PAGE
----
Psychopathy: Choosing Victims

BundyI just stumbled across a very interesting study by Angela Book, Kimberly Costello, and Joseph A. Camilleri, who managed to explore how violent inmates choose their victims. The motivation for the study was built upon previous research that had explored the idea that a person’s gait (the way they walk and how they hold themselves) is likely to factor in when they are targeted by violent criminals, as it perhaps betrays a person’s vulnerability.

The authors include a statement from Bundy where he explains that he could tell a victim by the way she walked down the street, the manner in which carried herself, etc.

The study found that psychopathic criminals did tend to indicate gait as important for selecting a victim, but only if they scored highly on the Factor 1 part to the psychopathy checklist (PCL-R). There are a number of variations of this test, but one of the simplest is divided into two factors: Factor 1 measures personal characteristics, such as manipulating behavior, charm and charisma, and factor 2 measures aspects of an unstable lifestyle, such as impulsivity and antisocial behavior. So those scoring highly on the personal characteristics, the characteristics that trick us into liking and trusting them, were more likely to mention gait as an indicator of vulnerability.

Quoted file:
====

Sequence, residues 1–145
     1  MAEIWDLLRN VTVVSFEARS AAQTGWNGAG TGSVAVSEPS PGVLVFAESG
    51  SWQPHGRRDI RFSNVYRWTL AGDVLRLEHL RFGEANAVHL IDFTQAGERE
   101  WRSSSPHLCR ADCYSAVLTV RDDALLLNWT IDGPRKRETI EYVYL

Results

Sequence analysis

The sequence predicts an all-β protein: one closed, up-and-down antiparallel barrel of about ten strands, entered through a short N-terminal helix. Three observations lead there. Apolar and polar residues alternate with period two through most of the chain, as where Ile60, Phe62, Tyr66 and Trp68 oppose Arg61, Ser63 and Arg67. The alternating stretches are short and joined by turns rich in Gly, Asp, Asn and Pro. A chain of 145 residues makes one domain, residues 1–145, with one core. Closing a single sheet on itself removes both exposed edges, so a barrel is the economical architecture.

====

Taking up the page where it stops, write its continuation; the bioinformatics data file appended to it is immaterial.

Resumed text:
The authors point out that a previous study exploring similar things found no such correlation, but the participants in that study were college students who exhibited some psychopathic traits, not seasoned criminals serving time in jail.

I found this study interesting for two reasons. Firstly, observing gait is most likely done while their is no personal interaction going on, i.e. you’re being studied and watched, probably without knowing it. And so then, secondly, psychopaths who score/would score highly on Factor 1 characteristics have probably already assessed you for weaknesses as they talk to, charm, and manipulate you throughout the course of the day.

The inmates in the study had to consciously express characteristics about victim-choosing, and so gait had to be realized. This is to distinguish it from the idea that these people are looking for certain weaknesses without really knowing what they’re doing. Obviously, with practice and success, checking a person’s gait would become second nature, but it appears to be a learned behavior.

Anyway, food for thought.

Copyright Jack Pemment, 2013

Reference

Book, A.B.; Costello, K.; Camilleri, J.A. (2013) Psychopathy and victim selection: The use of gait as a cue to vulnerability, Journal of Interpersonal Violence, In press

18 thoughts on “Psychopathy: Choosing Victims

  1. Paula

    Interesting. My ex would score high in Factor 1. He is very manipulative and charming (selectively) and can be considered charismatic upon first meeting him. He was/is preoccupied with how people walk and carry themselves, in particular, how women walk and carry themselves. He would talk about how many young American women can’t walk “correctly.” (I’m sure this stemmed from his highly narcissistic traits of superiority and grandiosity.)